Connecting with bloggers and online influencers is a great way to gain visibility for your company. Their readers and followers tend to be super engaged, which means they may be more ready to buy. And, bloggers/online influencers generate content all the time, sometimes at a faster pace than a traditional news outlet.
These days in PR, there’s little distinction between a journalist and a blogger. They’re often equally influential, and we treat online influencers with the same respect and professionalism as we do a reporter at a major news outlet.
Because these influencers have built up so much clout, it’s not as easy as it used to be to get on their radar. So how do you get their attention? Follow these six dos and don’ts:
Do Conduct Research
Before you even think about reaching out, identify the blogger’s topic of expertise. Your product, service or pitch angle should be a good fit for it. If you’re a jewelry designer, you probably won’t have much luck with foodie blogs; but wedding bloggers might be right up your alley.
Online influencers also tend to be early adopters. So if you’ve got something new, offering them a sneak peek before it’s publicly available might be just the thing to get them to say yes to engaging with you.
Do Build up to the Pitch
Like journalists, bloggers and online influencers get hundreds of pitches from companies of all shapes and sizes, and they don’t have time to respond to every one.
Here’s a tip: Don’t pitch them anything at first. Instead, show consistent interest in what they have to say. How? Here are some quick ideas:
- Comment on one of their blog posts every now and then with something substantive. (“Great post!” is not a substantive comment.)
- Engage with them on social media – just don’t be creepy (see below).
- Share their content with your social networks.
Seems like a lot of time and effort? Sure, at first. But the returns could be huge. When you do pitch influencers with your awesome, relevant product or service, you have a much better chance of piquing their interest because your name will be familiar.
Do Explore Sponsored Content
Some bloggers are open to agreements where they’re compensated for posting sponsored content (like a sponsored post, contest or giveaway). A quick skim of their blog or site should reveal if they do this.
If you decide to go down the paid route, don’t demand that they remove any mention that it’s a paid-for agreement. These bloggers have spent years building a loyal audience that trusts what they have to say. Even if the compensation is just free product, most big-time bloggers will disclose that fact if they write about you.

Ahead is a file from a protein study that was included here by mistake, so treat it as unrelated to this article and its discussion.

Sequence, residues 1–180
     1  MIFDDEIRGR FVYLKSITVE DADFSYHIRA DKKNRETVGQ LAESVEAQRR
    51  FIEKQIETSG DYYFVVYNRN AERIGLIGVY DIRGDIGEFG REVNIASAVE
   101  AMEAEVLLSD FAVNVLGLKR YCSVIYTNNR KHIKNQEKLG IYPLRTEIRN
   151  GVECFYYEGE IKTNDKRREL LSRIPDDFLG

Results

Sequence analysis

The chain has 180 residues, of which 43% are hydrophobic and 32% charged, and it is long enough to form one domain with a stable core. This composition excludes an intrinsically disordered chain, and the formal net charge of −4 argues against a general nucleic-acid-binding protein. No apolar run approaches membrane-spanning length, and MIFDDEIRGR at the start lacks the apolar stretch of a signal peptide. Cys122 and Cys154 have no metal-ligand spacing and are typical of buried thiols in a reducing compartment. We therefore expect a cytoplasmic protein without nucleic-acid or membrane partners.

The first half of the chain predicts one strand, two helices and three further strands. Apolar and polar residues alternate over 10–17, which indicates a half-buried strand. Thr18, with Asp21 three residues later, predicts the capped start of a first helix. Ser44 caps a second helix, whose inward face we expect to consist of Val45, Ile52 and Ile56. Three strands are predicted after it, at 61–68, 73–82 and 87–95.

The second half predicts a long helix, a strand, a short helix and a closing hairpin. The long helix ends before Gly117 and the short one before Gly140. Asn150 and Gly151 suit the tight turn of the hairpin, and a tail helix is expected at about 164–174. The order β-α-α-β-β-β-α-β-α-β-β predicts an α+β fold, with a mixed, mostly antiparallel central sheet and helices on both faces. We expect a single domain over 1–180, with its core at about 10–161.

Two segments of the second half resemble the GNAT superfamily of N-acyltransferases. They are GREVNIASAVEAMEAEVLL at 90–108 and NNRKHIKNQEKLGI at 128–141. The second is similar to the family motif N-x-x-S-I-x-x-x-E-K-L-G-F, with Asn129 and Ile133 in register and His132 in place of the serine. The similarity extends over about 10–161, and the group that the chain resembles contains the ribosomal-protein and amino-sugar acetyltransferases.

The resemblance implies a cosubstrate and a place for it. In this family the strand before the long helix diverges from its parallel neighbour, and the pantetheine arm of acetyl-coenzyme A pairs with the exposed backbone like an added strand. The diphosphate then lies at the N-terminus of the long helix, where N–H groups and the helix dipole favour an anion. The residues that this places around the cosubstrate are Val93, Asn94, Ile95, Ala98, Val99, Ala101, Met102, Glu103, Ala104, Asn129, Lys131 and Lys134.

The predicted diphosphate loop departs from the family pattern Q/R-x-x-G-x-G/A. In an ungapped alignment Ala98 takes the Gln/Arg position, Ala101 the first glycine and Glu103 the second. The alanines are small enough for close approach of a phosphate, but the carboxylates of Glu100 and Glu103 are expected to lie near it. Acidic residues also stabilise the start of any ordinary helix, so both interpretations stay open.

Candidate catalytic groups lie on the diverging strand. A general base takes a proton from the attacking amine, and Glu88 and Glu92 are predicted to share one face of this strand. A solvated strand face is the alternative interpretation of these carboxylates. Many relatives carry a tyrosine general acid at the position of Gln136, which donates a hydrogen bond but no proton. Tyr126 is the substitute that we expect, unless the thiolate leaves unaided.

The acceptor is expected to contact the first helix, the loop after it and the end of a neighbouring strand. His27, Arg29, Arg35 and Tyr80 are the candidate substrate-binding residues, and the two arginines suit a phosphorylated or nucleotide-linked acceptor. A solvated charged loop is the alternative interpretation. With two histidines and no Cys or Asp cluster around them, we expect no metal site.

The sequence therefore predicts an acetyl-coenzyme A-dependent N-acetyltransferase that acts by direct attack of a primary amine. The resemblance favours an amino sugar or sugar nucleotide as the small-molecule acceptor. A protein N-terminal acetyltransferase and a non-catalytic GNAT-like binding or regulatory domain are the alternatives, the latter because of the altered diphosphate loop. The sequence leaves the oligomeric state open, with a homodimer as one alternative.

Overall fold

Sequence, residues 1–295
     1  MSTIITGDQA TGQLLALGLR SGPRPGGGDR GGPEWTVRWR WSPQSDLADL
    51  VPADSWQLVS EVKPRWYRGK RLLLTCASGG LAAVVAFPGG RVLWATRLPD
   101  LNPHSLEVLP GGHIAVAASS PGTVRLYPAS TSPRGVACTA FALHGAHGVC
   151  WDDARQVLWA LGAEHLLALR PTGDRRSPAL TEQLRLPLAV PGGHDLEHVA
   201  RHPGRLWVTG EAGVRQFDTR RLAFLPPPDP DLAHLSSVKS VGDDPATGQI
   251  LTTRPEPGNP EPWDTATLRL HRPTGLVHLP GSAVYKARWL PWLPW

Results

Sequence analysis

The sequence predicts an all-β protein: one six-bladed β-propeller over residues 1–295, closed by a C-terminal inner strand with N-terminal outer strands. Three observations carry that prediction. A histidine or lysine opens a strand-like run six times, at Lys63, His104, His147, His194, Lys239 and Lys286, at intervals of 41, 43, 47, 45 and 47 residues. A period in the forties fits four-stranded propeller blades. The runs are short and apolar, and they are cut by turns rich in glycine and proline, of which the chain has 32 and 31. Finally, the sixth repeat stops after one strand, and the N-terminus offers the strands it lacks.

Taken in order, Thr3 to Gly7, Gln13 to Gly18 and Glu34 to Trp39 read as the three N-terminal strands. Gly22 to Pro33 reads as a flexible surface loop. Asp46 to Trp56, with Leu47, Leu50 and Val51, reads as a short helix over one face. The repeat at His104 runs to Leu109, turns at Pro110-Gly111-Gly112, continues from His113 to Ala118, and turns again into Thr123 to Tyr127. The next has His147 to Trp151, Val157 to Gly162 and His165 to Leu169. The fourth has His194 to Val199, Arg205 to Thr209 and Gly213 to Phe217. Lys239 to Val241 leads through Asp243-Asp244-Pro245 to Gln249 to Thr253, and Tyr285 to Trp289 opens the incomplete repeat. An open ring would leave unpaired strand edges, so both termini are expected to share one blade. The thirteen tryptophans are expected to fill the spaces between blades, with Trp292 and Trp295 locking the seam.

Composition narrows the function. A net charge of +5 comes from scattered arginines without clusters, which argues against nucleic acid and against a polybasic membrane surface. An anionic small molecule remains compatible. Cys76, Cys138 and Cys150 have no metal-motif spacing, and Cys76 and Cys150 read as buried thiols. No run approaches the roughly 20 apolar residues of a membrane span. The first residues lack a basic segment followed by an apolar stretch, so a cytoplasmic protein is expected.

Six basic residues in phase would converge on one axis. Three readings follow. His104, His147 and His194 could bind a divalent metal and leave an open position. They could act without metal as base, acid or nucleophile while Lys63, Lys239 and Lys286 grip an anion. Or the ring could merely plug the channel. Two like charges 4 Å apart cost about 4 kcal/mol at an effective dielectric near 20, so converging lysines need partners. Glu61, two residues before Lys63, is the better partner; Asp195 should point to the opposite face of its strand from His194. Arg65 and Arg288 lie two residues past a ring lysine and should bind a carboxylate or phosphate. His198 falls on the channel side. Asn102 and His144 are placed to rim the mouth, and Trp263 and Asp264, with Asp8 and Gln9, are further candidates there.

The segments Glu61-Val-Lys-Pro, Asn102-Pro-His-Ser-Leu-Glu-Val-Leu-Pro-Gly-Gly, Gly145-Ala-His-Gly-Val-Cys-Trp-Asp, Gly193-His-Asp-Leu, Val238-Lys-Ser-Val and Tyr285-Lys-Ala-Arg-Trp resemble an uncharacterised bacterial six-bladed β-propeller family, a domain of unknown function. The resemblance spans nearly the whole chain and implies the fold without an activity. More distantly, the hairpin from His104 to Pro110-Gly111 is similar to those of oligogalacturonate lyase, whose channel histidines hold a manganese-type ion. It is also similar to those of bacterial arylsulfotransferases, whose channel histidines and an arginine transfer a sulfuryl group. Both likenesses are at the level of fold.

Don’t Be Creepy
Offline social mores should be applied to online interactions, too. Big no-nos include posting comments that don’t add anything to the public conversation, emailing them all the time, making snarky remarks about their cat (unless you’ve actually met said cat), etc. When you engage with bloggers and online influencers, be polite and genuine, and use common sense.
That said, in social media people tend to share a lot about themselves, and it’s OK to bond on a more informal, personal level – as long as the context is appropriate and you’re doing other things to build that relationship.
A note of caution: People – bloggers and online influencers included – use different social media networks for different reasons. Respect their limits. A good rule of thumb: If they don’t often share blog- or work-related content on a particular social media platform or account, don’t reach out to them there.
Don’t Ask Them to Publish a Review Sight Unseen
Bloggers live by their reputation. So, if they’re going to publicly endorse something, they have to really love it, and usually your word alone isn’t enough. Get them to experience your product or service.
- If you have a physical product, send them samples in the mail along with a handwritten note.
- If you’re an online service, give them a free trial.
- If you have a local physical location, invite them to special events so they can check out your space.
Offer to give their readers a big discount on whatever you’re promoting. The more you can make them feel like they’re getting something exclusive out of talking about you, the greater your chances are of getting on their good side.
Also, influential bloggers make no guarantees that they’ll post a five-star review. Much like working with traditional press, if they end up posting something critical, there’s not much you can do about it unless it’s factually inaccurate.
You might think that prefacing your influencer outreach with “This has been written up in so-and-so” or “I know so-and-so and thought you and I should connect as well” might give you some cachet. It actually can do the opposite, especially in highly competitive industries such as technology.
Why? Influential bloggers want to be the first to know. Rattling off a list of competitors whom you’ve already talked to says to the blogger that he/she isn’t important enough to be at the top of your list. And, no one wants old news.
Have you had success getting on the radar of online influencers? Share your tips with the rest of us!